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Green Tea Extract, Steroids, Other Dietary Supplements May Cause Liver Damage: Study

Many common dietary supplements, including green tea extract and other vitamins, may increase the risk of liver damage, according to the findings of new research. 

In a review of published studies published in late last month by the medical journal Hepatology, researchers indicate that many dietary supplements taken by consumers across the U.S. may cause supplement induced liver damage, finding that 20% of liver damage cases may be related to dietary supplements.

Researchers reviewed data from previously published studies, as well as data from 130 cases of supplement related injuries over an eight year period. They took data from a U.S. registry of drug-induced liver injures. The data was the focus of a two-day research symposium sponsored by the American Association for the Study of Liver Disease and National Institutes of Health.

Overall, liver damage from supplements accounts for about one in five the cases of liver damage in the U.S. The major causes of supplement-induced liver damage are from anabolic steroids and nutritional supplements.

Steroids accounted for one-third of liver damage cases. Illegal anabolic steroids are synthetic versions of testosterone marketed as bodybuilding supplements that will make a person have more muscle or improve athletic performance. However it causes prolonged cholestatic liver injury.

The remaining cases of liver damage were caused by green tea extract, mixtures labeled Chinese herbs, Korean herbs, Ayurvedic medications, or other vitamins and dietary supplements.

Some of those dietary supplements included products from known brand names, including six products from SlimQuick, four from Herbalife, four from Hydroxycut, two from Move Free, and two from Airborne. These products cause acute hepatitis-like liver injury.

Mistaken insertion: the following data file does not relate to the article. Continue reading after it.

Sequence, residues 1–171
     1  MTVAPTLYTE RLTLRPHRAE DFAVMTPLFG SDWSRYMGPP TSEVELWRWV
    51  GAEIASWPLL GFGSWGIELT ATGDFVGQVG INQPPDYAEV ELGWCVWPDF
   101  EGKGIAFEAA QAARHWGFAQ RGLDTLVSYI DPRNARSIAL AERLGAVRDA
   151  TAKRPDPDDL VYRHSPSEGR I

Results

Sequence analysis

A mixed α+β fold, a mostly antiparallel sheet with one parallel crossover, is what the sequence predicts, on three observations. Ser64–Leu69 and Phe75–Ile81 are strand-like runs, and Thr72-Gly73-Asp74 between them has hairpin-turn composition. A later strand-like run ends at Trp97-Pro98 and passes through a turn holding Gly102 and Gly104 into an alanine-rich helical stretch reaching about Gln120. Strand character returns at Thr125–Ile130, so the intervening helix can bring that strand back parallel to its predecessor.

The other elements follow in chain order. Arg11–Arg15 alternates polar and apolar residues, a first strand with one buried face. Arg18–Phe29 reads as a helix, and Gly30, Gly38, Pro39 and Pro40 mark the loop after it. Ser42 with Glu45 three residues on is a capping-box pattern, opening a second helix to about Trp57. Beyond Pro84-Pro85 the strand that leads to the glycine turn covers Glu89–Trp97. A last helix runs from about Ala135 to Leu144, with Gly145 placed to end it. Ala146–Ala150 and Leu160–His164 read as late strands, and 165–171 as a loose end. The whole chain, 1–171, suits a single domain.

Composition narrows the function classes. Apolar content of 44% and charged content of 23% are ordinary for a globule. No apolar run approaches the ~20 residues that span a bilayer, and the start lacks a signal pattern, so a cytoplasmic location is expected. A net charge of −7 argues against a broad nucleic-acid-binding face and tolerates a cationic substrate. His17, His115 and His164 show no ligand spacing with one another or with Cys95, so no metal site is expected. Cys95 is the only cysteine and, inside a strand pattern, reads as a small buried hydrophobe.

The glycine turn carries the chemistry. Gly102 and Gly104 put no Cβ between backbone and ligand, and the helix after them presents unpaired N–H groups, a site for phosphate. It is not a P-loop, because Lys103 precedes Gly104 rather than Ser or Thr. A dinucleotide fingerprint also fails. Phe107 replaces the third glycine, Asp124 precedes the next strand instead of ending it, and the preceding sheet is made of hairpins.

Herbal dietary supplement induced liver damage in the U.S. has increased proportionally, conclude study authors.

Overall, most cases of liver damage were due to multi-ingredient nutritional supplements. Multiple ingredients means it is more difficult for doctors to determine the exact ingredient causing the toxicity.

Dietary Supplements A Growing Problem

One in five cases of liver damage is caused by supplements, whereas 10 years ago about one in 10 cases were linked to dietary supplements, according to findings that highlight the more wide spread use of supplements.

Up to half of U.S. adults take some type of dietary supplements that have ingredients like vitamins, minerals, teas and proteins; all with the goal to improve their diet or appearance.

A study published last year indicated dietary supplements are responsible for 23,000 emergency room visits every year, causing an average of 2,100 hospitalizations annually. Most of the visits involved vitamins, iron, weight loss supplants and sleep sedation products.

Researchers warn liver damage can take months to years to develop. Patients don’t notice symptoms until the damage is advanced and causing symptoms, such as such as fatigue, itching, nausea, yellowing skin, fluid accumulation, bleeding, or mental confusion.

Hundreds of prescription medications also cause liver damage, but researchers argue these medications have a proven benefit to the patients. Severe liver damage side effects are often the reason a drug  will be recalled or not get approved.

Dietary supplements have no proven benefit, only risk, researchers warn.

Researchers said dietary supplements pose a larger threat to the public since consumers have free access to the products, companies often pray on unknowing consumers promising benefits and consumer often don’t tell their doctors they are taking these supplements to allow for proper doctor oversight.

To that end, researchers are calling for increased oversight for these products. FDA approval is not required for dietary supplements to be released to the market. The only requirement is the products must not be marketed as a cure for any disease. However many brands market their products as miracle products, just short of a cure.

“The ultimate goal should be to prohibit or more closely regulate potentially injurious ingredients and thus promote public safety,” wrote study authors.

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